A tasty, if not always tasteful, tale of supernatural mayhem that fans of King and Crichton alike will enjoy.

Pub Date: June 16, 2020

ISBN: 978-1-9848-2678-7

Page Count: 304

Publisher: Del Rey/Ballantine

Review Posted Online: Feb. 9, 2020

Kirkus Reviews Issue: March 1, 2020

A CONSPIRACY OF BONES

Forget about solving all these crimes; the signal triumph here is (spoiler) the heroine’s survival.

Another sweltering month in Charlotte, another boatload of mysteries past and present for overworked, overstressed forensic anthropologist Temperance Brennan.

A week after the night she chases but fails to catch a mysterious trespasser outside her town house, some unknown party texts Tempe four images of a corpse that looks as if it’s been chewed by wild hogs, because it has been. Showboat Medical Examiner Margot Heavner makes it clear that, breaking with her department’s earlier practice (The Bone Collection, 2016, etc.), she has no intention of calling in Tempe as a consultant and promptly identifies the faceless body herself as that of a young Asian man. Nettled by several errors in Heavner’s analysis, and even more by her willingness to share the gory details at a press conference, Tempe launches her own investigation, which is not so much off the books as against the books. Heavner isn’t exactly mollified when Tempe, aided by retired police detective Skinny Slidell and a host of experts, puts a name to the dead man. But the hints of other crimes Tempe’s identification uncovers, particularly crimes against children, spur her on to redouble her efforts despite the new M.E.’s splenetic outbursts. Before he died, it seems, Felix Vodyanov was linked to a passenger ferry that sank in 1994, an even earlier U.S. government project to research biological agents that could control human behavior, the hinky spiritual retreat Sparkling Waters, the dark web site DeepUnder, and the disappearances of at least four schoolchildren, two of whom have also turned up dead. And why on earth was Vodyanov carrying Tempe’s own contact information? The mounting evidence of ever more and ever worse skulduggery will pull Tempe deeper and deeper down what even she sees as a rabbit hole before she confronts a ringleader implicated in “Drugs. Fraud. Breaking and entering. Arson. Kidnapping. How does attempted murder sound?”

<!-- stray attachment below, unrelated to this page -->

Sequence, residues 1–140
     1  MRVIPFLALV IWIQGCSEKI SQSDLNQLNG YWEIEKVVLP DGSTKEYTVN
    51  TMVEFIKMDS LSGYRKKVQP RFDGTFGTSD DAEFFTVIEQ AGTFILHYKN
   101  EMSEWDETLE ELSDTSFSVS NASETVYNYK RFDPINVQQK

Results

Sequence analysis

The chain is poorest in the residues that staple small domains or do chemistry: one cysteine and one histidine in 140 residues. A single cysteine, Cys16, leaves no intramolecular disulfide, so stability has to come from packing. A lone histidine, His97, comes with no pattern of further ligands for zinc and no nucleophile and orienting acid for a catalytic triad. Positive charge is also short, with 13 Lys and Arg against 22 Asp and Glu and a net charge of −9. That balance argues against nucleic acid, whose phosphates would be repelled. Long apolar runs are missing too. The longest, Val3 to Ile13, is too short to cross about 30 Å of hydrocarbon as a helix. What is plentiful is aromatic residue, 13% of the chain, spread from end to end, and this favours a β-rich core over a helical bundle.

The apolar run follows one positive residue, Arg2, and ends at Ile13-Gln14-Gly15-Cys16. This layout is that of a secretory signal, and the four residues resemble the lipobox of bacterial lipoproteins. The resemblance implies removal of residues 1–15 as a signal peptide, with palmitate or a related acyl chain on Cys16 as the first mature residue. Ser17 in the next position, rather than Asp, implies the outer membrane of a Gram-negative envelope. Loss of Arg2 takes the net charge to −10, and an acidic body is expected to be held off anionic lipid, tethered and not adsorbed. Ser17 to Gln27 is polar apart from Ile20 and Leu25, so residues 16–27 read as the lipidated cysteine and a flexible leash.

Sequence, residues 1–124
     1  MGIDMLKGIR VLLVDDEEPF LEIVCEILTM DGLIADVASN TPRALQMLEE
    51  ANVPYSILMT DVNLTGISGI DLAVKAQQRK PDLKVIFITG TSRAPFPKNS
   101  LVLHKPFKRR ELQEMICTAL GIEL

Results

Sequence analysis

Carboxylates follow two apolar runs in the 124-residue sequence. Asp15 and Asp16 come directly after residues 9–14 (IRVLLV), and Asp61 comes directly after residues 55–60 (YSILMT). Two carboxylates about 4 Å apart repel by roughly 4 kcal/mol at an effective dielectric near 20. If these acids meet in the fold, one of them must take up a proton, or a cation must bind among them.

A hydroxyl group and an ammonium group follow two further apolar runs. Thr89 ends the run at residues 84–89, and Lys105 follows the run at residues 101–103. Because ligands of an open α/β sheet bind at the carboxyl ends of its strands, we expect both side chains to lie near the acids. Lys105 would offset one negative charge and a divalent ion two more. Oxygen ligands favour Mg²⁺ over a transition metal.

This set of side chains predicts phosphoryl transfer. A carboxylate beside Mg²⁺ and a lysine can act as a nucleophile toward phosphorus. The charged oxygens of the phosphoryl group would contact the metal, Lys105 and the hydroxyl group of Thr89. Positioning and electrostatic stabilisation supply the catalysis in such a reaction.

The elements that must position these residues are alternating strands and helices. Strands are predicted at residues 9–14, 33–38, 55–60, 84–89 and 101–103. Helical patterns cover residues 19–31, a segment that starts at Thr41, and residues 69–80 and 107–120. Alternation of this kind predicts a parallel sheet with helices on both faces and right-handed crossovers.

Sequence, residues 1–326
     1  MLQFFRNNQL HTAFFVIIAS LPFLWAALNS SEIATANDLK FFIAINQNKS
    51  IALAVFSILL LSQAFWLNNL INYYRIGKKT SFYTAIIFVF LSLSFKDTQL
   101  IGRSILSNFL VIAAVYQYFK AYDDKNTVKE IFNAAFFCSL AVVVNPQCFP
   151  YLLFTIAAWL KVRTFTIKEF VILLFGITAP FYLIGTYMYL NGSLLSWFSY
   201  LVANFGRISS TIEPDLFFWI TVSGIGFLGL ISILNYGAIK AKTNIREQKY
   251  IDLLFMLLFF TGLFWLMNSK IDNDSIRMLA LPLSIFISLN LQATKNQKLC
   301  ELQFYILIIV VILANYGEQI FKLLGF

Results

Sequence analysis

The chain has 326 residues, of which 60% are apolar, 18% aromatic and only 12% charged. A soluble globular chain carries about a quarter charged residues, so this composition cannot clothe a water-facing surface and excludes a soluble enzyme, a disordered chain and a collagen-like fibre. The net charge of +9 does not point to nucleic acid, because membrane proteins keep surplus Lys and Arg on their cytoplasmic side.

Forget about solving all these crimes; the signal triumph here is (spoiler) the heroine’s survival.

Pub Date: March 17, 2020

ISBN: 978-1-9821-3888-2

Page Count: 352

Publisher: Scribner

Review Posted Online: Dec. 22, 2019

Kirkus Reviews Issue: Jan. 15, 2020